<paraindent><param>right,left</param>S.A. TEACHER RECALLS DAYS OF
HOMELESSNESS=20


By Lucy Hood

Express-News Staff Writer=20

</paraindent>

At the age of 12, Ronald Foster was living with his five siblings and
his mother in a station wagon in Portland, Maine.=20


The homeless period lasted about 2 1/2 weeks, but Foster said it seemed
a lot longer.=20


Now, at the age of 32, Foster is in his third year of teaching at
Truman Middle School in the Edgewood School District.=20


He and his wife Stan=E9 live in a two bedroom apartment in Northwest San
Antonio.=20


But it's been a long and circuitous route from those bleak days in
Maine to Foster's comfortable lifestyle in Texas.=20


=46oster remembers waiting in the car while his mother was turned away
repeatedly by homeowners who did want to rent to a single mother with
six children.=20


"She'd come back and slump down in the front seat of the car," he said.



" 'I can't get rid of my kids, what do they expect me to do?' " he
said, recalling her words.=20


=46oster's father was in the military and the family had lived in five
states by the time Foster was 12.=20


The family was living in Tennessee when his parents separated and his
mother, Jeanne Huff, took her children to Maine to be near her family.



But none of Huff's seven brothers and sisters offered to take the
family in, and homeowners would not accept her with six children, so
she put a sign in the car window soliciting a place to live.=20


The sign caught the attention of a local reporter and a story ran in
the Portland Press-Herald, which prompted a deluge of responses from
people offering to help.=20


The family ended up living in a large, three-story house for a minimal
rent, but the harsh winters of the Northeast ultimately convinced
=46oster's mother to seek a milder climate. She moved her children to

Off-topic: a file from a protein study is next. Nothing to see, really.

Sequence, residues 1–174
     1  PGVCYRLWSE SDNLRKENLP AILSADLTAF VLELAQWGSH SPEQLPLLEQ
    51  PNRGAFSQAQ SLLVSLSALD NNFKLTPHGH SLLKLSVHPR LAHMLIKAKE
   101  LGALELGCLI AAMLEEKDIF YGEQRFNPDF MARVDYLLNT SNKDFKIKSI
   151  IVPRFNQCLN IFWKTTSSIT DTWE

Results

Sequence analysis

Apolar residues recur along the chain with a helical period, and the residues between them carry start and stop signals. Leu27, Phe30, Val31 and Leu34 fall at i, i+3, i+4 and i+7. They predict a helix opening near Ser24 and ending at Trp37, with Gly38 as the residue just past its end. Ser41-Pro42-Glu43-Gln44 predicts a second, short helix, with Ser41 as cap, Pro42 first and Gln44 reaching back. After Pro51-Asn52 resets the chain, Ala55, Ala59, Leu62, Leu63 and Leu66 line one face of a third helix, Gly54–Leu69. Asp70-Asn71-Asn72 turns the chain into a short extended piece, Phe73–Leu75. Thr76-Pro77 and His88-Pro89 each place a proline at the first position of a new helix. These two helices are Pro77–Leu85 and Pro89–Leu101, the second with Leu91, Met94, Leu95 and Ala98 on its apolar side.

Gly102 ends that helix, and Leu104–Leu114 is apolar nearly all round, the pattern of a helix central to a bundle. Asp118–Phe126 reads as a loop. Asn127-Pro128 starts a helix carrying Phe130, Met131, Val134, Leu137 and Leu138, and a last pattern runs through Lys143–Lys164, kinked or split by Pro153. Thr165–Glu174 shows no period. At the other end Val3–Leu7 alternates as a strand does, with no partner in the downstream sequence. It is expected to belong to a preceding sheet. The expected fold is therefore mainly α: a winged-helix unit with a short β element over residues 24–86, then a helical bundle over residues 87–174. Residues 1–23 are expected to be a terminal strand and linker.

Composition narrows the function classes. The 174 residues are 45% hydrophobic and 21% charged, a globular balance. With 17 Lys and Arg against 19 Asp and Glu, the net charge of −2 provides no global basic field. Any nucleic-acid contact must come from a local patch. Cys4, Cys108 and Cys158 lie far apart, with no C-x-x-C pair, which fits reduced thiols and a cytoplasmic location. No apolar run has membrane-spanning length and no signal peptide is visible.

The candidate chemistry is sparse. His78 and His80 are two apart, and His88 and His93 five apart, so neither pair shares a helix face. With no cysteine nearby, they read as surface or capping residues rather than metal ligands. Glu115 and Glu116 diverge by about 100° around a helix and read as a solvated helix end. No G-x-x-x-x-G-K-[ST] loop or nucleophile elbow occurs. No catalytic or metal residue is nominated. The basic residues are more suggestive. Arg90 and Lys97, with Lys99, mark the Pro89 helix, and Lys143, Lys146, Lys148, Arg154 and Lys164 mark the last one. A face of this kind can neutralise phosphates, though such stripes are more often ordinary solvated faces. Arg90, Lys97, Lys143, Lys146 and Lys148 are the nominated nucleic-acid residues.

Corpus Christi, where the family had once lived at the naval air
station.=20


Huff and her children received a warmer welcome in Corpus Christi. Old
friends offered them a place to stay until they were able to find their
own, and little by little the family prevailed.=20


=46oster went to work at the age of 14, first at an ice cream parlor,
then a convenience store and finally at a Dairy Queen.=20


He had been managing the Dairy Queen for five years and wanted to go to
college but was intimidated by the prospect.=20


"I was very afraid of going to school," he said.=20


A supervisor who saw his promise finally convinced him to enroll at Del
Mar College where he studied for two years before going to Texas A&M in
Corpus Christi.=20


=46oster graduated in December 1995.=20


"It took me seven years to get a four-year degree," he said.=20


By that time, Foster was married, and his wife's work brought the
couple to San Antonio. Foster said he submitted applications to 14
school districts, but found that many of them wanted him to be a coach
as well as a social studies teacher.=20


His refusal to coach, however, was not a problem for Truman Principal
Karen Hartmann.=20


"She was willing to give me a chance without any coaching," he said.=20


Hartmann said hiring Foster is one of the best personnel decisions she
has ever made.=20


"Since he's been here, he's been wonderful. He's real active with the
student council. He's an excellent teacher. He's very motivational. He
tries to bring a lot of real life into his teaching. The kids love
him," she said.=20


Now, 20 years after his brush with homelessness, Foster seems to have
found his calling, one that his mother said he has had in him all
along.=20


He was the one, she said by phone from her Corpus Christi home, who was
in her corner, who believed things would get better.=20


She said she would tell him, "Ronnie, I feel like you're going to be
able to teach others who go through difficult times in their lives. You
will be able to show others what you've been through."


END FORWARD

** NOTICE: In accordance with Title 17 U.S.C. Section 107, this material is=
 distributed without profit to those who have expressed a prior interest in=
 receiving the included information for research and educational purposes. *=
*


HOMELESS PEOPLE'S NETWORK  <<http://aspin.asu.edu/hpn/>  Home Page

ARCHIVES  <<http://aspin.asu.edu/hpn/archives.html>  read posts to HPN

TO JOIN  <<http://aspin.asu.edu/hpn/join.html> or email Tom <<wgcp@earthlink=
=2Enet>